My last post, in part, was about the wonder of life and how overjoyed my family and I were to welcome our young daughter, Norah.
The birth of a little one often prompts reflection, and for me, more thoughts came with the recent controversy surrounding Planned Parenthood. The lack of value for human life saddened me, and continues to do so.
But, if there were any one thing worse than loss of human life, it’s the condition of the hearts involved. Hearts get hard, and no situation could be more tragic than that. And when hearts get hard, they are less likely to be stirred to change.
I have always known abortion was wrong and was taught that way. When I was 9 years old, one of my parents explained to me what abortion was and what the results were. It is a sad fact to learn.
Over the next 10 years, I learned more about abortion, and the debate. I learned about labels like pro-choice, pro-life, and terms like partial-birth abortion, etc. It was not until I was 19, though, that I learned about the hard hearts.
In my college freshman English class, students could present a paper on any topic. My professor encouraged controversy. One young man (not me) decided to argue for the pro-life position. He passed around ultra-sound photos of a baby. He asked each person to say what was in the picture.
There were two young ladies in class who had argued for the pro-abortion position. One of them said that the picture was a zygote. The other said a fetus.
It wasn’t the words used that bothered me, although I would have preferred baby, obviously. It was how they were spoken. Cold. Detached. Uncaring. The young lady who said zygote almost spat the word out with disgust as she said it.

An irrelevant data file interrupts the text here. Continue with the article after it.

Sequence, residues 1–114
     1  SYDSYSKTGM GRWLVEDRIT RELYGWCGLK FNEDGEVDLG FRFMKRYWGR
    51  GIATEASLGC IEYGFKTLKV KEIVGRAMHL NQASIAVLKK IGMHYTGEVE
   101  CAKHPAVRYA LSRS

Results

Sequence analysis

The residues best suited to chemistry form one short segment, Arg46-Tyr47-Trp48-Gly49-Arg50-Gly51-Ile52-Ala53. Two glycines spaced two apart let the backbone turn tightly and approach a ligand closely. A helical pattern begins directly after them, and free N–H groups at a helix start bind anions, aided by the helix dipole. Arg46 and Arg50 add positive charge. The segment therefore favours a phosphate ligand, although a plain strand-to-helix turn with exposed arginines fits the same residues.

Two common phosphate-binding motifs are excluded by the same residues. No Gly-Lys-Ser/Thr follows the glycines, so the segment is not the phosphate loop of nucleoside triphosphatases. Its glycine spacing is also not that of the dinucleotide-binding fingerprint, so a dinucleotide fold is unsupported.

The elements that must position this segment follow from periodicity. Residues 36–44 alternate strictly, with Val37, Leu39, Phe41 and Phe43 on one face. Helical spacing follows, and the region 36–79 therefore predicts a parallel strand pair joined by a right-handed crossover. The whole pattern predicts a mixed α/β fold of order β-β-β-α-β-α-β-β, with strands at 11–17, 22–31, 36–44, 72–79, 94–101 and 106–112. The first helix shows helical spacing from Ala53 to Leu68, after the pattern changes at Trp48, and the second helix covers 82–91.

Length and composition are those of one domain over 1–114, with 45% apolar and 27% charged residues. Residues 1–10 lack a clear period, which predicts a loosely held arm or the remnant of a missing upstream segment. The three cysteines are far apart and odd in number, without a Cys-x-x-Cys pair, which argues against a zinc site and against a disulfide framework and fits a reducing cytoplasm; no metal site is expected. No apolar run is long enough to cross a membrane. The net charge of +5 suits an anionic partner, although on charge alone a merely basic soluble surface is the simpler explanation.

I have thought about that day in English class since then. And I wondered: how did hearts, particularly such young ones, get so hard? I obviously don’t have all, or necessarily any, of the answers, but it reminded me of scripture.
In Exodus, God performs miracles on behalf of the people of Israel. What’s striking is that Pharaoh sees these miracles, and knows they are of God (we aren’t talking about an atheist here). Yet, despite this, scripture records that Pharaoh hardened his heart (later, God hardened it, providing the subject of great theological debates for future seminary students, such as the present author).
I think many who saw the recent videos released thought it might make a change in people. Maybe it has, for some. What I have seen, though, is hearts that are hard.
This is tragic for two reasons. First, of course, is that when Pharaoh’s heart was hard, judgement for the nation was not far behind. We should pray, watch, and be fearful of the judgement of a righteous God on this nation.
There is the tragedy of individual hard hearts. The cost is high. People will lose their souls for eternity. Not over the abortion debate, but over rejecting God’s Son, Jesus Christ. Hard hearts, no matter what the subject matter, are less likely to embrace Jesus, and the people I have seen writing are not believers.
This should prompt us to pray for those with hard hearts. It should also be a warning to us. Matthew 24:12 warns that, as lawlessness increases, love grows cold. Let’s pray that does not happen. Draw near to Jesus, and cling to Him!
Until next time, in Christ,